While Young maintains that he has never had his day in court, the government says he has had a day in court, represented by a local attorney. Young claims he never hired the man. Land theft activists say that at one time it was common for white attorneys to “represent” Black clients who never hired them, in favor of biased interests who wanted the Black victim’s land or property.
Historic problems in the Farm Service Agency continue. Family farmers and Black land owners continue to be victimized by the system. White employees within the system worked in a culture of racism and bias toward large farm operations. Lawrence Lucas, a retired USDA employee who was one of the whistleblowers in the historic Pigford vs. Glickman “Black Farmers Case,” says: “Racism and sexism is institutionalized and perpetuated. We’re not just talking about Black farmers but Hispanic farmers, women farmers.” (USDA Coalition of Minority Employees)
Land theft activists say that at one time it was common for white attorneys to “represent” Black clients who never hired them, in favor of biased interests who wanted the Black victim’s land or property.
Dr. John Boyd led the National Black Farmers Association in a protest April 28 in Washington, D.C., to dramatize the urgency of Black farmers’ demands. “We are going into planting season and farmers need the money due to them,” he told The Militant newspaper. Among the issues are:
• Failure to pay administrative costs necessary to process Black farmer discrimination claims;
• Failure to pass legislation that will provide full compensation to all eligible Black farmers;
• The need to re-open Black farmer complaints closed by the USDA Office of Civil Rights without an investigation;
• The need to revamp the USDA’s County Committee System that discriminates against Black farmers;
• The need to include Black farmers in subsidy programs.
According to Donald Burger, a retired federal employee and former director Iowa Civil Rights Commission, “Harry Young’s case is one of the best documented examples of the collaboration between the Department of Agriculture Office of General Counsel and the prolonged failure of the Office for Civil Rights within the Department of Agriculture in providing a remedy. It is encouraging that Secretary Vilsack has appointed a special assistant who formerly served as director of the Office of Civil Rights in the Clinton administration. His name is Lloyd Wright.”
Burger says, “Mr. Wright met with a delegation of Black farmers last month to discuss the nature of complaints nationwide on ongoing problems within the Office of General Counsel abetted by the U.S. Department of Justice Michael Sitkof and dozens of U.S. Attorneys nationwide.”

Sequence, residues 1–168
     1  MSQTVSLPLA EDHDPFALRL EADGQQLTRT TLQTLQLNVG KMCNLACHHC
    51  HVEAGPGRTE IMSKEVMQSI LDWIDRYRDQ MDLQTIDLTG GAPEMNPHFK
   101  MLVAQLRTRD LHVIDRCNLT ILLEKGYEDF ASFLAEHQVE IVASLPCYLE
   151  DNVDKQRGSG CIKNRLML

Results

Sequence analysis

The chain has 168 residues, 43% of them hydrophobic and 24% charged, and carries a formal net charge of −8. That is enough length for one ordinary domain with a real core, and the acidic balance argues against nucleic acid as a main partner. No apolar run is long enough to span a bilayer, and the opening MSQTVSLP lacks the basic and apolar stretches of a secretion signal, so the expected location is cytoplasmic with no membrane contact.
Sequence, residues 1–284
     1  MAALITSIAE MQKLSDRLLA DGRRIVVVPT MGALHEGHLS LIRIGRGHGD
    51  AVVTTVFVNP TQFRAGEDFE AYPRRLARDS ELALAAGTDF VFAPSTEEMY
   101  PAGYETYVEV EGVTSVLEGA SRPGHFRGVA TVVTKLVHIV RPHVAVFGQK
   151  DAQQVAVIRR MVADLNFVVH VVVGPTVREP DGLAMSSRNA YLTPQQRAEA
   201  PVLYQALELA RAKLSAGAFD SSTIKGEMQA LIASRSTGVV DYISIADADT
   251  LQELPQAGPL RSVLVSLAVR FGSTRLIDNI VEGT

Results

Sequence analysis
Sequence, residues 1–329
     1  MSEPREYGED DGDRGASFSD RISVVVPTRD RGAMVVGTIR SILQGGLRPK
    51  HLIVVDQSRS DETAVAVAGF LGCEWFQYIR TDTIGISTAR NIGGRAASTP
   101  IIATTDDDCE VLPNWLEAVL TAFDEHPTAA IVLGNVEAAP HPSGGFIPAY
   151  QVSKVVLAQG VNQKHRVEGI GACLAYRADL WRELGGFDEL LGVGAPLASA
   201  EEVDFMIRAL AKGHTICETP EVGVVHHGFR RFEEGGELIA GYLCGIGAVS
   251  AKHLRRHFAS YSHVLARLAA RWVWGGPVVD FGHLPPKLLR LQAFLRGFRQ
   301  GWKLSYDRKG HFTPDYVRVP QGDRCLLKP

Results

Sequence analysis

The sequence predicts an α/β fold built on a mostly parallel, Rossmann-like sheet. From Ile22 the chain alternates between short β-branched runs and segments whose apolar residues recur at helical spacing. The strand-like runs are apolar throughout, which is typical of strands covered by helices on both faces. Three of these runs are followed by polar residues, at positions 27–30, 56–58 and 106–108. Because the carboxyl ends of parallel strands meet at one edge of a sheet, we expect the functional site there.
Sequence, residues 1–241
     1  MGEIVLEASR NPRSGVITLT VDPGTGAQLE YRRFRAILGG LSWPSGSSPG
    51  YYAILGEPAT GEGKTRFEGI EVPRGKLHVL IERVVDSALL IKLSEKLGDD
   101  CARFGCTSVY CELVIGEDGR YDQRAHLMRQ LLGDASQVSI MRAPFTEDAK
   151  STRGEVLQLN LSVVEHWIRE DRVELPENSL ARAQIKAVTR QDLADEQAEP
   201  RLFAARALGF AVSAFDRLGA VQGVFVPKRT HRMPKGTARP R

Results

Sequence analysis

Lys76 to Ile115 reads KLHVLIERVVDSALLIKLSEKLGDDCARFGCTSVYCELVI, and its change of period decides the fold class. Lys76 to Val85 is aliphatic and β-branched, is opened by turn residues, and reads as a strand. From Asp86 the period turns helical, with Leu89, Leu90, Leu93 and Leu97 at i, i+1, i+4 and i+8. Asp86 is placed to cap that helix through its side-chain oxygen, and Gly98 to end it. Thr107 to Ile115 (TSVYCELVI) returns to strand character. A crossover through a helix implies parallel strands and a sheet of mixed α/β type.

According to the Evansville Courier Press, the warrant for Young’s arrest alleges he asked a USDA staff member during a phone call, “Do I have to get attention by going down to the (Agriculture Stabilization and Conservation Service) office and shooting somebody or blowing something up?”
If he is convicted at trial, which is set to begin June 30, the 82-year-old could face up to five years in prison.
Young denies threatening anyone, the Courier Press reports, but says officials are out to get him because “they stole a million (dollars) off me. I want it back.”
How you can help
Friends and supporters of Harry Young have set up a legal defense fund for his civil land theft case. Donations are encouraged to help him win not only for himself but to set a critical legal and historic precedent.
Send your contribution to: Harry Young Civil Defense Case, c/o Independence Bank, P.O. Box 988, Owensboro, KY 42302.
Monica Davis is an Indiana-based author, columnist and public speaker. She specializes in economic, history and public policy issues and has written articles on land loss, bank failure, environmental justice and alternative energy. She is published in Great Britain, the U.S. and India and home schoolers in New Zealand have used her articles as teaching tools. Ms. Davis has given presentations on land lynching and the farm catastrophe at churches, museums and universities. Her articles have been read into the Congressional Record and used as the basis for interviews by other reporters. She is available for speaking engagements. Her author web site is http://www.lulu.com/davis4000_2000. She may be reached at firstname.lastname@example.org. Bay View staff contributed to this report.